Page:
5. Recent HRIBF Research - Measurement of Levels in the Halo Nucleus 11Be via 10Be(d,p) in Inverse Kinematics
[K. Schmitt & K.L. Jones (Univ. of Tennessee), spokespersons]
Phenomena such as neutron halos and level inversion make the light neutron-rich nuclei fascinating test cases to study the evolution of nuclear structure away from stability. 11Be is an archetypal example of both of these effects, and is one of the heaviest nuclei for which ab-initio theory is presently practical. Although 11Be has been studied thoroughly via (d,p) in normal kinematics , β-decay, breakup[3,4], and (p,d) experiments, there still remains a paucity of knowledge about the bound first-excited state, for which spectroscopic factors are disputed, and the resonances.
We have performed a 10Be(d,p)11Be experiment in inverse kinematics using a new batch-mode 10Be beam at the energies of 60 and 107 MeV and deuterated polyethylene targets. The angular distribution of protons ejected in the population of bound states and low-lying resonances in 11Be will be used to extract spectroscopic factors for those states. The Oak Ridge Rutgers University Barrel Array (ORRUBA) was used in conjunction with the Silicon Detector Array (SIDAR) for a large solid angle coverage and nearly continuous coverage in polar angle from 45° to 165° in the laboratory reference frame. The new QQQ array and Dual MCP detectors were placed at forward angles to detect recoils and to help discriminate between (d,p) and fusion-evaporation events. A schematic view of the silicon detector setup is shown in Fig. 5-1. The angular coverage is shown with expected angular distributions in Fig. 5-2.
Figure 5-1: Silicon detector setup. The ORRUBA and SIDAR arrays were used for detection of protons from (d,p) and elastically scattered deuterons.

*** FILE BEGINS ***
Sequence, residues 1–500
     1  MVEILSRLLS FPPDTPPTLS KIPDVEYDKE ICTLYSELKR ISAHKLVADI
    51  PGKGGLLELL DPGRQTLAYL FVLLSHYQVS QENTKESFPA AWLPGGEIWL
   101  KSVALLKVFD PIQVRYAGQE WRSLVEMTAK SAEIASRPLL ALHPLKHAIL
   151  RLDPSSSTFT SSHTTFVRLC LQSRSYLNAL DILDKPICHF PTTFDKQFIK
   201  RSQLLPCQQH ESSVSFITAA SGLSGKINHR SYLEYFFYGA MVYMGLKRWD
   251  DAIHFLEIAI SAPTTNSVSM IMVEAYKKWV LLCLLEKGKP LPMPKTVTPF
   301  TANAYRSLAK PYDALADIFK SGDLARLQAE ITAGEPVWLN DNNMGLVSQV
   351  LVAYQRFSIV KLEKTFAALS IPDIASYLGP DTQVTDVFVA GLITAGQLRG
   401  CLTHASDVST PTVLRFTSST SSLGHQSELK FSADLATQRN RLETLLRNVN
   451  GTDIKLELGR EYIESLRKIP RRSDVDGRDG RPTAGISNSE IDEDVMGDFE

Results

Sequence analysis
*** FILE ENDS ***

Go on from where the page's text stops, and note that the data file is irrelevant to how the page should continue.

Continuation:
Figure 5-2: Angular coverage with expected angular distribution. Coverage in polar angle was nearly continuous from 45 to 165 degrees in the lab frame, with only a small gap due to target frame shadowing.
Preliminary analysis of the proton data in SIDAR yields excellent statistics for the bound states and first resonance, as shown in an ungated spectrum in Fig.5-3. The first excited state at 320 keV is clearly separated from the ground state (two groups to the right of the figure). Other low-lying resonances have been observed in our preliminary analysis of the proton energy spectra from SIDAR.
On completion of calibrations both for SIDAR and ORRUBA, the full data analysis is expected to yield angular distributions with very low statistical uncertainties.
Figure 5-3: Energy distribution of protons at back angles. Protons from the population of the ground state and 0.320 MeV first-excited state are well resolved, and tremendous statistics were recorded for the wider first resonance.
Special thanks are due to the staff at HRIBF for a very successful run, especially Dan Stracener.
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